CAMBRIDGE — As a local teen awaits a desperately needed lung transplant, citizens will be painting the community green to show support for the girl.
Kayla Baker, 14, was admitted to SickKids Hospital in Toronto on March 13 and is surviving on a machine that provides life support because her lungs are failing.
She requires a double lung transplant due to pulmonary fibrosis, a disease causing the stiffening of the lungs which she was diagnosed with at 11. It is believed to be the result of cancer treatment she received as an infant.
Baker has been on a transplant list for two years and in that time worked to promote the issue of organ and tissue donations, joining organizations like the Life Donation Awareness Association.
“Her stamina and strength continues to amaze me,” said Carol Thorman, who met Baker through the association.
“She’s still a kid, she knows how to have fun … but the way she goes about her business going about promoting organ and tissue donation is beyond most grown-ups,” Thorman said of the teen.
While Baker and her family now wait for a donor match and investigate options of a live donation, the community is carrying forward the teen’s work in raising awareness about organ donations.
Go Green for Kaylais a local event happening Friday. Baker’s friends and family are asking everyone in the community to wear green — the colour representing organ donations — or tie green ribbons outside their homes and offices to show their support for Baker.
They’re also informing the public about registering for organ and tissue donations online at BeADonor.ca.
“Nobody wishes for somebody to die to save their loved one’s life, but we don’t want to see usable organs buried,” Thorman said about the Be A Donor movement.
Thorman added that carrying a donor card doesn’t mean you’re registered — everyone must fill out the online form or visit a Service Ontario office to sign up.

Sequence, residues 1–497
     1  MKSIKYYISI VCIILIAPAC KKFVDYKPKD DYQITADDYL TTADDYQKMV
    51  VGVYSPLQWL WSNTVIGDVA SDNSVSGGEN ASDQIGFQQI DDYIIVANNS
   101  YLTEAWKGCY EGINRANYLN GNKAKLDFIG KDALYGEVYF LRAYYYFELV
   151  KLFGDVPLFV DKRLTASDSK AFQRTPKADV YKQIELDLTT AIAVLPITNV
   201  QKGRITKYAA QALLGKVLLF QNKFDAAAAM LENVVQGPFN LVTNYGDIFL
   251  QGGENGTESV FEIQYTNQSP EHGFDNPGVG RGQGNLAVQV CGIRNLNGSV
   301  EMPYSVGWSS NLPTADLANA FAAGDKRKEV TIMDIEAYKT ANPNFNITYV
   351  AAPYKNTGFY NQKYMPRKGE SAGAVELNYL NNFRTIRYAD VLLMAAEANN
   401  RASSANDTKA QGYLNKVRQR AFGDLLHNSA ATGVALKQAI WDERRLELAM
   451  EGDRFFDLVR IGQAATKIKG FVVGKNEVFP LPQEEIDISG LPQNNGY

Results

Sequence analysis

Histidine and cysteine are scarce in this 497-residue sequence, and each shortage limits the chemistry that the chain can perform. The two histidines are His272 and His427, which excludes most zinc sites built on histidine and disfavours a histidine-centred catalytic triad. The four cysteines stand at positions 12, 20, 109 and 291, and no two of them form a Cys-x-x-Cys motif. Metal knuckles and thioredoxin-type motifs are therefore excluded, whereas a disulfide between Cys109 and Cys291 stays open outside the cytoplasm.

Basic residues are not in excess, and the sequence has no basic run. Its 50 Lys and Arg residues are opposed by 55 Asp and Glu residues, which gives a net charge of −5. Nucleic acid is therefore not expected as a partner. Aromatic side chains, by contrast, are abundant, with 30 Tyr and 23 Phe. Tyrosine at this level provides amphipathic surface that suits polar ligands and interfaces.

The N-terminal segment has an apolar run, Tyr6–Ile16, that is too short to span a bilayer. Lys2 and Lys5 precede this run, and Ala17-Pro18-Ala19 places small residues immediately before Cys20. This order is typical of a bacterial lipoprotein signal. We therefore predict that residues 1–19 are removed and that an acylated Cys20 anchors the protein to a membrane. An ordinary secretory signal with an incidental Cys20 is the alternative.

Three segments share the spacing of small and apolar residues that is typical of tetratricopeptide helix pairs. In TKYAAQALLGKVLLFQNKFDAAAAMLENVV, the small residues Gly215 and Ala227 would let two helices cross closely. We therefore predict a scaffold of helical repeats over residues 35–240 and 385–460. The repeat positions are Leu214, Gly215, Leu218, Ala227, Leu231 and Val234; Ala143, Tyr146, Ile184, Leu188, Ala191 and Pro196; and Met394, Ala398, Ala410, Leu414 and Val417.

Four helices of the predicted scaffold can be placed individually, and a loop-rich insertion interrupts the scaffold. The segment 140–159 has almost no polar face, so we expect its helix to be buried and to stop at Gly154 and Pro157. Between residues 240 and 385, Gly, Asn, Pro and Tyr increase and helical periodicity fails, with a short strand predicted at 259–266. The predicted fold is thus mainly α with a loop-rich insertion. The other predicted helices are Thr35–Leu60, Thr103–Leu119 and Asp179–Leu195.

At St. Michael’s Catholic School, a dance-a-thon has also been planned to coincide with the Go Green event on Friday.
Proceeds raised at the dance will be donated to SickKids in Baker’s name, contributing to her wish to raise $10,000 for the hospital.
“My hope is to see this entire city painted green on Friday so that (Baker) knows she’s got this entire community behind her,” said Deedee Norris, a parent council member at the school organizing the event.
In Toronto, a month-long campaign to support Baker will launch Wednesday. The Torch of Life for Kayla’s Wish is being organized by the charity Step by Step, which supports organ and tissue donation awareness in Canada.
During the campaign, supporters can carry the Torch of Life around a 2.5 kilometre stretch circling SickKids Hospital between Apr. 3 and 30. Supporters can register to carry the torch at the charity’s website.
Ray Jonasson, a Kitchener man who received a liver transplant in 2011, said he will be among those carrying the torch for Baker because of the support she showed him. Baker cheered for Jonasson as he competed in an 800-metre track race last February to promote registration for organ and tissue donation.
“She’s struggling all the time and yet she was bubbly, high-fiving me, saying it was inspirational to be there,” he said recalling Baker’s involvement at the race.
“I can definitely do a lap around the hospital for her.”
On May 11, a five-kilometre walk and run will be held in Cambridge to also fundraise for SickKids on Baker’s behalf. Registration and donations for the event can be made through the “Run aLung” event website.
With so many events planned in the upcoming weeks, those close to Baker are proud of the growing community support for her.
“She is a very strong, amazing, selfless young lady that does everything for everyone else and it’s time for us to do something for her,” Norris said.